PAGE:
8. CAN YOU HELP ME GET MY BAG IN THE OVERHEAD BIN? For those of you who follow my blog, this question was addressed in my post, flight attendant pet peeve #3: you want me to do what? Simply put, unless you are an unaccompanied minor, elderly or handicapped and your bag is not too heavy, I will not put the bag in the bin. What I will do is help you find a place for the bag. I may assist you in getting the bag inside the bin, but the key word here is assist, people, as in team effort, because I will not do it for you.
9. WHAT DO YOU MEAN THERE’S NO FOOD / WE HAVE TO PAY FOR FOOD / YOU RAN OUT OF MY PREFERRED FOOD CHOICE? Exactly that – there’s no food, you have to pay for food, or we ran out of your preferred food choice – nothing more. It’s not personal. It’s business. So whatever you do, please don’t get mad at me, I’m just the messenger. Trust me when I tell you that flight attendants dread passing this message along to you. We already know how you’re going to respond. So just where did the service go? Unfortunately it disappeared along with those high ticket prices, which is why we’re now all stuck inside the flying metal tube together. Can’t we all just get along, regardless of the food situation?
10. ON MY LAST FLIGHT… These four little words are just the beginning of what I like to call “the bad response,” which is the response I often get whenever I tell someone what I do for a living. Ya see these four oh-so-innocent words will now be followed by a pause, which will then be accompanied by a weird look, which of course leads to a very bad story about their last flight. Needless to say, the conversation usually doesn’t go so well after this. How can it? I’ve now been linked to the worst flight this person has ever had.
11. (From creepy pilot) ANYONE WANT A BACK RUB? Uh – no! I don’t think so. Now here’s your coffee. Get back in the cockpit and stay there! This question came from my favorite pilot, Bob, the singing pilot, who is so not creepy at all, even though he did write a song about me – Lay across your jump seat, Heather.
12. HERE, TAKE THIS DIAPER? I’ll take the diaper, but only if you’ll work the beverage cart. Seriously, the last thing I want to touch is a dirty diaper (or crumpled snot rag) when I serve people food and drinks for a living. It’s just not sanitary to do such a thing. Look, I have a two year-old who travels often, so I know how it is, I know it’s not easy, but you’re going to have to keep the diaper at your seat until the aisle is clear and you can dispose of it properly in the lavatory trash receptacle.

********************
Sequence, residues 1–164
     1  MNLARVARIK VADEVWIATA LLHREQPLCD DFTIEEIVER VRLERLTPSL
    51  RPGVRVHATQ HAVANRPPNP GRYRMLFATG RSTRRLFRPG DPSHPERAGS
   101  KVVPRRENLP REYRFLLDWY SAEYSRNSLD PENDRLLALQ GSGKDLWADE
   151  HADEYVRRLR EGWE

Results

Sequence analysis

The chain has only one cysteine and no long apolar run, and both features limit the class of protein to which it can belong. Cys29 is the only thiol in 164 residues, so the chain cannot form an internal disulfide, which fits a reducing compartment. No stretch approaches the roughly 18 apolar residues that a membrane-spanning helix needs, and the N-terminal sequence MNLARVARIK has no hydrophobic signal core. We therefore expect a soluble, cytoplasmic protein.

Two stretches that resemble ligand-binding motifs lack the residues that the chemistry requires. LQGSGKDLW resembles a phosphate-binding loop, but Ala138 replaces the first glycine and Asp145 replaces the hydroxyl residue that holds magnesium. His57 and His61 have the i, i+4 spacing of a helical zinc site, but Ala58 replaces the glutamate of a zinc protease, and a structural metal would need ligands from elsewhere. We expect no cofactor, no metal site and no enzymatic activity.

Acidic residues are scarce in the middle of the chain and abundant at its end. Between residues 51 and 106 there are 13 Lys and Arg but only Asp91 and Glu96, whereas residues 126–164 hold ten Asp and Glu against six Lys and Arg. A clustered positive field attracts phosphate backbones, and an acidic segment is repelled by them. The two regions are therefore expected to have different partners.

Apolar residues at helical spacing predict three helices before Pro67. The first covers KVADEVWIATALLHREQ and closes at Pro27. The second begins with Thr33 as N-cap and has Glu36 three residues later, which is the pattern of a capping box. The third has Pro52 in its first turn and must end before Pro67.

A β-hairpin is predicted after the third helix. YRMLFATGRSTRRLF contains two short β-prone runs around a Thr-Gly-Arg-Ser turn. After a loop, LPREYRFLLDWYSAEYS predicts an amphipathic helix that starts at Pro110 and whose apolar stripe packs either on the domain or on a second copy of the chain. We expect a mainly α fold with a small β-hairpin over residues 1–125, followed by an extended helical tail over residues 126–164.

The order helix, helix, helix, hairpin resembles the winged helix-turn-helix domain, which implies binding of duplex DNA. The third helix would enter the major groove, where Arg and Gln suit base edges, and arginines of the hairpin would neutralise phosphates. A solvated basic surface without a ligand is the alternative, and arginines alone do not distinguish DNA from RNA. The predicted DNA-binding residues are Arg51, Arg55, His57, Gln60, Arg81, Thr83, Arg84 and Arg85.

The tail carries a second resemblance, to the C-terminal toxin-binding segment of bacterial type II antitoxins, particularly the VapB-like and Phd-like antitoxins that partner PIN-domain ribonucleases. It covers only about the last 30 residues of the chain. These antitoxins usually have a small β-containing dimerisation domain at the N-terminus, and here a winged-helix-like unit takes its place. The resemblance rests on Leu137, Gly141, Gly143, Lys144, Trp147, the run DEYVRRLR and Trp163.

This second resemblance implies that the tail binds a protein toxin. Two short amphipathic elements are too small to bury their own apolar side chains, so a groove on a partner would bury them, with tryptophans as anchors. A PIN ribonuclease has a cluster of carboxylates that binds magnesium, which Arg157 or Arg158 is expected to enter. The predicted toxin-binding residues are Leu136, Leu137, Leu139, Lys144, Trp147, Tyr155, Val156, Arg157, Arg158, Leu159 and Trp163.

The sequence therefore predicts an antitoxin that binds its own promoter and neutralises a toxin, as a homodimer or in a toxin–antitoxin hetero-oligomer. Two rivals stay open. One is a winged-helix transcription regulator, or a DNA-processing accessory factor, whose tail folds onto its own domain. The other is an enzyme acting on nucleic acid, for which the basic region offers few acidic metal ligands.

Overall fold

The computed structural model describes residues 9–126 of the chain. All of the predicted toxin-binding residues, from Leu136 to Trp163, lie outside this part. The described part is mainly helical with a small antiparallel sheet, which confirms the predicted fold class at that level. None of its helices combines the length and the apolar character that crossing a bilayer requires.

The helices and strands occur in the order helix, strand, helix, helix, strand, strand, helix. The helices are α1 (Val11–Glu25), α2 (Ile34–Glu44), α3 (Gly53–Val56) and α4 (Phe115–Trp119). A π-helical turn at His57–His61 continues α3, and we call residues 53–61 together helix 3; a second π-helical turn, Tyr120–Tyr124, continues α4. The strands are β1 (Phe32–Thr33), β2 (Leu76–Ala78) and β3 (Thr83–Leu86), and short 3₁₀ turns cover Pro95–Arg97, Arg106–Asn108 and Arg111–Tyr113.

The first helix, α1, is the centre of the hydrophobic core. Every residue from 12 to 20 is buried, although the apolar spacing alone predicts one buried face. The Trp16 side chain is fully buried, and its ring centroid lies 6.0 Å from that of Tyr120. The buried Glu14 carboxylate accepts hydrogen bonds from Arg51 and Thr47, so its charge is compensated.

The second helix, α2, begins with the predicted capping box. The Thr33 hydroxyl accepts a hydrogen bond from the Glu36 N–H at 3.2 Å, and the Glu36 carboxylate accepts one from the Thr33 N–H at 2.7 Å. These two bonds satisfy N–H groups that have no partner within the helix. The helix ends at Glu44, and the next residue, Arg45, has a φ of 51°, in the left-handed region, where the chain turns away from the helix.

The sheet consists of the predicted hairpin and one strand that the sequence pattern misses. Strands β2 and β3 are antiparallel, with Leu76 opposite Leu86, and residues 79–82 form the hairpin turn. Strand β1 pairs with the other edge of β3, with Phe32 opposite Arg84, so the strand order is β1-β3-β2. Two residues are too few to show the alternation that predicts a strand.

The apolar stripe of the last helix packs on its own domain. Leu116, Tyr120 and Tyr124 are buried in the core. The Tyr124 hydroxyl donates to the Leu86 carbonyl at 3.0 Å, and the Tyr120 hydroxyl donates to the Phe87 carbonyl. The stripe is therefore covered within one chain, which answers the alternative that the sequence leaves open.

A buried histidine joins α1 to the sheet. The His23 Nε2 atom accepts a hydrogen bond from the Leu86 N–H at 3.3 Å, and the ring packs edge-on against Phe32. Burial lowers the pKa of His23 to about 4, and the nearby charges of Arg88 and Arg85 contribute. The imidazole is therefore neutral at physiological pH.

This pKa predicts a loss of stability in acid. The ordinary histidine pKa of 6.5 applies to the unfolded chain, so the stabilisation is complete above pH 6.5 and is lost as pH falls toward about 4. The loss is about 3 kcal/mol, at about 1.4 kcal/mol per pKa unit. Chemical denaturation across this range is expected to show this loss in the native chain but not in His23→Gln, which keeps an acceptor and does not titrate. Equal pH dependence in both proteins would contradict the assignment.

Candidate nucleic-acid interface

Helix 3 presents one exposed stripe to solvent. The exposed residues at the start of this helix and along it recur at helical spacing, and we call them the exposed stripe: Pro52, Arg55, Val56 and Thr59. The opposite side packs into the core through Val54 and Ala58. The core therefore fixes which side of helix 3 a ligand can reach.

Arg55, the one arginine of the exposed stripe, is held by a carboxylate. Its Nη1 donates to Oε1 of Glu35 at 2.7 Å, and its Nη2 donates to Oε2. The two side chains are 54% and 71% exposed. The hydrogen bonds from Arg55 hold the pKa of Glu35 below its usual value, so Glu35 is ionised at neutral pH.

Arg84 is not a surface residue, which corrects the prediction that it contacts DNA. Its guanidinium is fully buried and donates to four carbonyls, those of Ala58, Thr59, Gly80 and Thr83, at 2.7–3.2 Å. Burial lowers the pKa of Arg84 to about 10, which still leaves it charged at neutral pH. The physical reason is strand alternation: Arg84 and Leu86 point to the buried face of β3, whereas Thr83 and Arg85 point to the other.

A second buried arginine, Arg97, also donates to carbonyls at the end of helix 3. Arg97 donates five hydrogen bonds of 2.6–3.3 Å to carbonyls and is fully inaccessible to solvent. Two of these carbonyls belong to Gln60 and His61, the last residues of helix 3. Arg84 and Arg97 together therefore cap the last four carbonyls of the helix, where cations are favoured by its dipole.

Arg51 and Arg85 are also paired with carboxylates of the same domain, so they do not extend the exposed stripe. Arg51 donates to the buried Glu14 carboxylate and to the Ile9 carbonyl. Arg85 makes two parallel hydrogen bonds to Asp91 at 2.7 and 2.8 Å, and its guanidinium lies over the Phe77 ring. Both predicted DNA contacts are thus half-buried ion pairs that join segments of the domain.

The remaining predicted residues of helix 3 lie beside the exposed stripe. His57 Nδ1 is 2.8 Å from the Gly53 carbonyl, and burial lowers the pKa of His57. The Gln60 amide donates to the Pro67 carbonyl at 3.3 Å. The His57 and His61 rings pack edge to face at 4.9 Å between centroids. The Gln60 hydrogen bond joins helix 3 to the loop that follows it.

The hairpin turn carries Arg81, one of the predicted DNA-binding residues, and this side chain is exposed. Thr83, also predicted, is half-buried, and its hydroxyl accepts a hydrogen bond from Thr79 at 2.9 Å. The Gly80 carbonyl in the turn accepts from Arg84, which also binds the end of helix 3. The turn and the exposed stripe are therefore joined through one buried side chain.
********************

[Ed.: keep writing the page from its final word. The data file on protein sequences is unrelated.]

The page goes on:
13. WHEN DO WE GET THERE (During boarding) As I stand in the aisle and stare blankly at my watch, I’m trying to remember where we are right now, because I’ve been to several cities already, and where are we going again? Oh yeah, now I’ll just add the flying time, subtract the time change, and while I’m doing this passengers are flagging me down for “pill water” and asking me to help stow their bags. “Don’t they know what time they land when they buy their ticket?” asked Lynne, a fellow coworker. “Honestly, flight attendants only know what time they have to report to the airplane.” Sad, but true.
14. CAN YOU BREAK A $100? Uh-no! Which is exactly why you’re asking. Whenever somebody asks me to break a large bill, I make it a point to find the change, even if I have to go through the cabin begging each and every passenger to help me out. Usually passengers who carry big bills are trying to score a free headset, drink, or snack. Oh I know exactly what they’re doing. And don’t ask me for change every five seconds in flight, either. I don’t have it. I’ll get it to you as soon as possible. I’m not going anywhere. I promise!
15. WHERE ARE WE? On the airplane. Honestly, I don’t know where we are when I’m working a flight. I don’t have a chance to sit and stare out the window. What I do know is that we’re not there yet and the man in 24B would like a diet coke and his wife would like a glass of water – no ice, and that there are at least 50 more passengers behind you left to serve, before we pull the cart back up to the front of the aircraft and throw it all away. Please don’t make me walk all the way to the back of the aircraft, not when I’m in the middle of the service, just to call the cockpit and find out where we are – approximately, because we won’t be there for long and you know you’re going to ask me again, because we’re still not there yet.
Other tales from the skies
Amazing and insane stories from a real-life flight attendant and co-pilot